My question: When starting a community should it basically be a free for all and as use reaches or gets near critical mass then implement rules perhaps based on user input?

Background: While setting up and starting my community I've set up rules (general and marketplace). All rules are either common sense rules or rules I've seen successfully implemented in communities like mine. The problem is some of these rules seem to be a barrier to entry.

New/Potential users have stated that it would be "Too much hassle" to follow these rules for a community with such few users.

  • 7
    What kinds of rules? There's a difference between "be nice" and "you must format your subject lines exactly this way (that will make sense when we have hundreds of posts a day)". Can you edit a little more information into your question? Thanks. Sep 27, 2015 at 4:14
  • It really depends on the rules you are talking about and what do the users do in your community normally. Aug 12, 2017 at 13:43

3 Answers 3


I get what you mean by "barrier to entry" You are saying that the rules limit seem too limiting to users when they first sign up. When I began writing rules for my community, I realized it became too specific, SEEMED limiting and was too long. So I took out few rules and shortened the list.

You should implement rules from Day One because the users who were with you since then will seem like you are taking over or infringing on their rights when you begin imposing them weeks or months later. The ground rules should be set and from there they can be amended if needed. So at least there's none of the "I didn't know there was such and such rule" business.

Here's what I suggest (and what I did when fixing my rules):

  • Relook over *ALL* your rules.

  • Choose a few that are MOST important to you and the community. (For mine, it was no pornographic material)

  • Now take the other rules that you did not choose as most important and list them from more important to less important.

  • Then take out the rules that either seem: Like common sense, implied, unnecessary or just make you seem controlling and limiting. Or combine two rules that seem similar.

The list should now be reduced from 10 rules to 5. That's pretty fair.

In the end, rules are rules and whatever rules you impose must be followed and you shouldn't change the most important rules despite what the community says. For example, if my community said that the no pornographic rules was too unfair, I wouldn't take it down because I feel my community isn't the place for that. But if it really comes down to the community not liking an important rules, make the rules less minor or compromise with them.


It is important to have rules and guidelines in any community. If all or most your members are not happy with certain rules, then see if they can be accommodated without giving them a free pass to do what they want.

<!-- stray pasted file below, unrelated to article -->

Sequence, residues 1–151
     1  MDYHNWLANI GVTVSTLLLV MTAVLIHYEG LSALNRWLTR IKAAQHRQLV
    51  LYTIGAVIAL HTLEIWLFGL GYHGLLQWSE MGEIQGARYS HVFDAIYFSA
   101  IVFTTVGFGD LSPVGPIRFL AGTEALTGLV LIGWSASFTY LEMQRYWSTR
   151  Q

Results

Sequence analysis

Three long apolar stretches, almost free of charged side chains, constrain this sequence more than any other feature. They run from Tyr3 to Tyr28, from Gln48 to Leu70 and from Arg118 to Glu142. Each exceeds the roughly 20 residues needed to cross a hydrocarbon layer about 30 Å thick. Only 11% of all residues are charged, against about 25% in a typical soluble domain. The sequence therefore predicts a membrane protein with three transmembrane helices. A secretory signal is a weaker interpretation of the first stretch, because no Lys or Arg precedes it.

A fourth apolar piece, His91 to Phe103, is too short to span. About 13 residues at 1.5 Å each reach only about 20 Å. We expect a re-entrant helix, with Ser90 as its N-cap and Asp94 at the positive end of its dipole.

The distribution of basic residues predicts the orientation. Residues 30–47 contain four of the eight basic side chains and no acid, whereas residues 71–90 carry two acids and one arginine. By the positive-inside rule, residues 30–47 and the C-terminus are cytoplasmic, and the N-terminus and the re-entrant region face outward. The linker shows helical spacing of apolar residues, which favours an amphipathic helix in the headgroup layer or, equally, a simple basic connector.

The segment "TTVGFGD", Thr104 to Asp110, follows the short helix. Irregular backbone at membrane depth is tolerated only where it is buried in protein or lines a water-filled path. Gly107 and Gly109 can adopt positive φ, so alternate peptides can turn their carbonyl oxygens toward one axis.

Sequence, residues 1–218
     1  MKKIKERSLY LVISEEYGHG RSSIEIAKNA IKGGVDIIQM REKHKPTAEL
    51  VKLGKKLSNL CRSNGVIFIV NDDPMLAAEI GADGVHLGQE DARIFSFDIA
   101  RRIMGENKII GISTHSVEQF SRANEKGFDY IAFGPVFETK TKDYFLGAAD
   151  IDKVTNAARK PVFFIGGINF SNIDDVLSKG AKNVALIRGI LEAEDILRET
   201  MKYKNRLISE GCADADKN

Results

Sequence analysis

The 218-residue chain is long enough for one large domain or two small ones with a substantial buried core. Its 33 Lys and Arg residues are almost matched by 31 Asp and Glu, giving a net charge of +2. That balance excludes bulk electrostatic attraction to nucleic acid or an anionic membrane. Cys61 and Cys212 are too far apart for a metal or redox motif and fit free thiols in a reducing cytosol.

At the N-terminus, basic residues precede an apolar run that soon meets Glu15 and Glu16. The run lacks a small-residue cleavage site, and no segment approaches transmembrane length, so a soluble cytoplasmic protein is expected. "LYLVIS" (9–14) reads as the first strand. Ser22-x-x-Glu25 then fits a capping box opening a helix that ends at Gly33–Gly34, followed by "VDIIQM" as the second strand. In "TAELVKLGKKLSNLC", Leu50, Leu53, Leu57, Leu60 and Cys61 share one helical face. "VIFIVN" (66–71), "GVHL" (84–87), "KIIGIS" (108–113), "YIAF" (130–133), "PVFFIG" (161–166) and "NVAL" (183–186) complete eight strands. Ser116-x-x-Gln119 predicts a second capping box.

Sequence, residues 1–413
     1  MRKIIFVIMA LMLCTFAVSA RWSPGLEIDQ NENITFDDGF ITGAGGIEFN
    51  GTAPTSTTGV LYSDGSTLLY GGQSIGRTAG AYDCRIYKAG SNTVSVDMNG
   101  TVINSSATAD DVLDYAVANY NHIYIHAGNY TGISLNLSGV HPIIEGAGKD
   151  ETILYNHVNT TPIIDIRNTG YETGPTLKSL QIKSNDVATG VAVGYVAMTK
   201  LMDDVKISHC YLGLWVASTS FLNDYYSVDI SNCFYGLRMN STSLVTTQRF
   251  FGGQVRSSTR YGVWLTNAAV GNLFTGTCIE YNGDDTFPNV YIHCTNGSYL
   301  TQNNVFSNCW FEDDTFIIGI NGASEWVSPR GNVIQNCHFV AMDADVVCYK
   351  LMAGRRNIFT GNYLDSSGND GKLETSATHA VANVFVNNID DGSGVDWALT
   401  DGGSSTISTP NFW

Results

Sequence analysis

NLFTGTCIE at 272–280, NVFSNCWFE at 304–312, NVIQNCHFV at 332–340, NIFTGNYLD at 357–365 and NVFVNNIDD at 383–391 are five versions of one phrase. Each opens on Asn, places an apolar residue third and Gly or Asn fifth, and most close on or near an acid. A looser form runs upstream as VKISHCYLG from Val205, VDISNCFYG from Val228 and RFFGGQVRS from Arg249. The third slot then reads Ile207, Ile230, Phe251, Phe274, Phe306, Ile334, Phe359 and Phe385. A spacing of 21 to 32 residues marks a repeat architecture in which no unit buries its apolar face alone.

One thing that I have found to be effective is creating places for specific behaviors and types of posts that are common, but often against the rules.

For example, throughout the forums, we prohibit any type of marketing or promotion. But to provide an outlet for good members that have something to promote, we created some specific forum areas just for those types of posts. This keeps the main areas clear of promotions, while creating an outlet for it. We still ban spammers, but spammers are easy to spot since they never contribute to the site, and post crappy looking messages. And to our surprise, people actually visit the promotional posts.

Another example is our rule that topics need to be on-topic and relevant to the forum areas they are posted in. This caused issues when members started posting "Word Association Game" type posts and other posts meant to increase one's post count and keep busy on the site. So we created an area specifically for these types of posts, and then made it so that posts there do not count towards their post count.

We also made sure that we created an area for off-topic posts, which allows almost any topic as long as it is not promotional, not adult and not harmful to the community (harassing, threatening, etc.).

Other rules, like those related to treating other members well, we don't bend on. If someone cannot respect others, then they are not a good addition to the community anyway.

Listen to your members, and see what works for your community. If necessary, create specific areas for specific things. That allows people who want to participate to participate, and those who do not to ignore that entire section of the site. Best of both worlds.


This sounds simple but it's hard work in practice. Match your rules, with the precision of a tailor, to the goals of the community.

Defining the goals of the community also sounds simple and is hard work in practice. Be very explicit with yourself.

That done, put the rules in place at the beginning. "As the twig is bent, so grows the branch".

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